Unbelief and Destruction
“Now I want to remind you, although you once fully knew it, that Jesus, who saved a people out of the land of Egypt, afterward destroyed those who did not believe” (Jude 5).- Jude 5–7
Having told us his purpose was to urge the saints to persevere and contend for the faith once delivered (Jude 3–4), Jude does not immediately explain how to do this. Instead, he gives us several biblical and traditional examples in order that we, being warned about the fate of false teachers, might strongly resist them.
The first of these examples is found in Jude 5, which reminds us that though Jesus saved a people out of Egypt, He later destroyed those who did not believe. This is a reference to the exodus; thus, we have an explicit reference to the pre-existence of the Christ, for Jude is clearly identifying Jesus with the God who saved Israel from slavery (Ex. 3:6–8).
While Jesus saved the Israelites, most of them were later destroyed (Deut. 1:34–40). How is this possible if all who are truly saved will never finally fall away? While the Bible does use the term “saved” to refer to salvation from the judgment and wrath of God, the term is also used in other ways. The Hebrews were indeed saved or liberated by God from the burden of slavery, but not all of them feared Him. Thus not all of them experienced eternal salvation. Similarly, many non-believers today attend church and are, in a sense, “saved” from societal wickedness by being a part of the visible covenant community. Mere membership, however, does not guarantee salvation, for any professing person who lacks saving faith will also be destroyed. Non-believers may receive temporal benefits, but without faith these will only become cause for stricter judgment (Rev. 3:14–22).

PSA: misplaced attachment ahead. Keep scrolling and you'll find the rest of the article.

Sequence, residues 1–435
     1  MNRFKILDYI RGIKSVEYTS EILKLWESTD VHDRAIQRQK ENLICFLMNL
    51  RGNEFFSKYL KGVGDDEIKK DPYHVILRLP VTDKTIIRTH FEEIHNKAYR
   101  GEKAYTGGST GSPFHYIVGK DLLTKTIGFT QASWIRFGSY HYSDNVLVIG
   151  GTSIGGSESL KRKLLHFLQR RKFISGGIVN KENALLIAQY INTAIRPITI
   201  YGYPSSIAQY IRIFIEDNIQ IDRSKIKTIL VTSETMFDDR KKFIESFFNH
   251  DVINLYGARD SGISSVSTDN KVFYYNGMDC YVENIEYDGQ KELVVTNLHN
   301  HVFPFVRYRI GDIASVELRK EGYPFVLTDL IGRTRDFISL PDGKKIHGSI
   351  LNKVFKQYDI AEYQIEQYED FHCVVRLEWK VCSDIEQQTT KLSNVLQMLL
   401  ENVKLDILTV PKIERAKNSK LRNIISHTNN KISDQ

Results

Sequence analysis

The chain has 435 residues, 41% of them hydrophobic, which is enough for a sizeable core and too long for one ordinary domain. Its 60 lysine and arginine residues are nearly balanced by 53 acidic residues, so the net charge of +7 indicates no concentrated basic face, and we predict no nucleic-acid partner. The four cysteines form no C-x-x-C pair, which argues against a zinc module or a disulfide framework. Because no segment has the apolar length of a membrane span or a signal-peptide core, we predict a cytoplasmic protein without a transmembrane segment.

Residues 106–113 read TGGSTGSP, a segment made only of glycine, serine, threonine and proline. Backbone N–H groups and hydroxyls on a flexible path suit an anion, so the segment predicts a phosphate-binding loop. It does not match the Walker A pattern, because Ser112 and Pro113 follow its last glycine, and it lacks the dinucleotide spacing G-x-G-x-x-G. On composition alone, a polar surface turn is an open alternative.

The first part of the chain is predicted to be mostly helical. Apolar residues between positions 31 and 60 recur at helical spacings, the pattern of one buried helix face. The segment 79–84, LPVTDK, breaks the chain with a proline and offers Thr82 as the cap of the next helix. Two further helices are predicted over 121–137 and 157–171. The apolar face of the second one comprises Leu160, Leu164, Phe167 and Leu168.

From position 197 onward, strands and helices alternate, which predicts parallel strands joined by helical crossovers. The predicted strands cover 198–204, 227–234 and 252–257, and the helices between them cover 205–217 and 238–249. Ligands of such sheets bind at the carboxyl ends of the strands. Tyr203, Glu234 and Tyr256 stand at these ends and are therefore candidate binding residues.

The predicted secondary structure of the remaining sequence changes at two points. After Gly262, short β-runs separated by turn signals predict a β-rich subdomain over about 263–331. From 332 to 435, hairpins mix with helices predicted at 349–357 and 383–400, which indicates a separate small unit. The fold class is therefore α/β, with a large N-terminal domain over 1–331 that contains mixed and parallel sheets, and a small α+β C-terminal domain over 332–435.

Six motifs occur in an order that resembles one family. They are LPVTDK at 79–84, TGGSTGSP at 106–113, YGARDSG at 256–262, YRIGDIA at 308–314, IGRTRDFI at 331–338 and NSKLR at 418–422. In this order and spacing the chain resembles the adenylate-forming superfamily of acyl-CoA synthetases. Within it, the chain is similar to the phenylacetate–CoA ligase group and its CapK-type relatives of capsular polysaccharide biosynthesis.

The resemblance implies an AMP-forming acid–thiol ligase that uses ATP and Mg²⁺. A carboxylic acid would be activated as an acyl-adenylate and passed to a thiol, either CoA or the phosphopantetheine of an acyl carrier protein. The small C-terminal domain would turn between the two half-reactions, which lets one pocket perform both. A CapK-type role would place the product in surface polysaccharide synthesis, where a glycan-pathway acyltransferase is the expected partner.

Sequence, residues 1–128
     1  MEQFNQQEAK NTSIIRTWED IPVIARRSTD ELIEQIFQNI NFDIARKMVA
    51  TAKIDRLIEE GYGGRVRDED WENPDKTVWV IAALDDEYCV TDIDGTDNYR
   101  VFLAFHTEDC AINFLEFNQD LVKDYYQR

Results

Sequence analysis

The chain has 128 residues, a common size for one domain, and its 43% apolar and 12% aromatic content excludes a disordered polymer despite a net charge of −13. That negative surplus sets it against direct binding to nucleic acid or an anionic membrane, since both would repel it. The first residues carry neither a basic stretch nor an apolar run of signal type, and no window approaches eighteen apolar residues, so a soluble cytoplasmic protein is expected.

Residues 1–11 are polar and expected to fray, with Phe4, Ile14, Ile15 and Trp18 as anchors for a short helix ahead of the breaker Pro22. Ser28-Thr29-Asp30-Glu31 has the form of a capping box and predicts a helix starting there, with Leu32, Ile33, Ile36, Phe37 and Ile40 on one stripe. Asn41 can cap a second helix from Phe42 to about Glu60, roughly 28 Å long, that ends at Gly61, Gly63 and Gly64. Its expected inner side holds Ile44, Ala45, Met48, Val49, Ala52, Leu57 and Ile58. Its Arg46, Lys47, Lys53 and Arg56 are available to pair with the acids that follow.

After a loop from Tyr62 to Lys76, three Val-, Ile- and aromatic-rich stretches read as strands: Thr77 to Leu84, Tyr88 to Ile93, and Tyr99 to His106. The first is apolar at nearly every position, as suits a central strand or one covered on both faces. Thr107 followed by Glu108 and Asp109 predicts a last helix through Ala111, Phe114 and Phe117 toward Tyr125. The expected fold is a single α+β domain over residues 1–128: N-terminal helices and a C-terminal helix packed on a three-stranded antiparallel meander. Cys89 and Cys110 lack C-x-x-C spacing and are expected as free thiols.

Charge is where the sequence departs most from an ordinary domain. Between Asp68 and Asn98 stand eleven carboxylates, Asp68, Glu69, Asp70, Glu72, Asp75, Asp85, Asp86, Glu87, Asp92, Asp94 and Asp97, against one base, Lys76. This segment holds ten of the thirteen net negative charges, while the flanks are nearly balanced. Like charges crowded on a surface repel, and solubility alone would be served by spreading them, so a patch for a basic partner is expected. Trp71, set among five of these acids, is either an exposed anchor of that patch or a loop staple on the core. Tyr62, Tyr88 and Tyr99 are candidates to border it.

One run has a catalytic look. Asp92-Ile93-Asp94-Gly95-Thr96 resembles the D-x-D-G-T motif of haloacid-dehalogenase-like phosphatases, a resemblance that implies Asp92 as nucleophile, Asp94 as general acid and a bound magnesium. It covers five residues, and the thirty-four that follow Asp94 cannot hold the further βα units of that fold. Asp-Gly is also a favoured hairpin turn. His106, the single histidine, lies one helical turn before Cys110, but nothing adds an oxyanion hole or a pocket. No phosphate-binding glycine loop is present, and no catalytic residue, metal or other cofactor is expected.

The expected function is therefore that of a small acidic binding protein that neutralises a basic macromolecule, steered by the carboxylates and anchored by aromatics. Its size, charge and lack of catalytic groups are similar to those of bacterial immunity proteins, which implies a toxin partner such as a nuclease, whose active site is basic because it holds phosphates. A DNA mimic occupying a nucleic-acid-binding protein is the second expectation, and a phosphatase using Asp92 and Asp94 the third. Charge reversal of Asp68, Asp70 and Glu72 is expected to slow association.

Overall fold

Jude also uses the binding of the angels who rebelled against God as well as the destruction of Sodom and Gomorrah as examples of what will happen to those who abandon the knowledge of God in favor of unbelief. Aside from warning us of God’s judgment, these verses allude to the sexual immorality, including homosexuality (“unnatural desire,” v. 7), practiced by the false teachers. If we indulge in such things, even if we confess the deity of Christ and other essential doctrines, we likewise reveal ourselves as apostates deserving of judgment.
In commenting on verse 5, John Calvin tells us that “after having been called by God, we ought not to glory carelessly in his grace, but on the contrary, to walk watchfully in his fear; for if any trifles thus with God, the contempt of his grace will not be unpunished.” We should not fear the possibility of losing salvation, yet we must not think the grace of God is a license to sin, which would reveal us to be apostates lacking true, saving faith.
Passages for Further Study
2 Peter 2:4–10a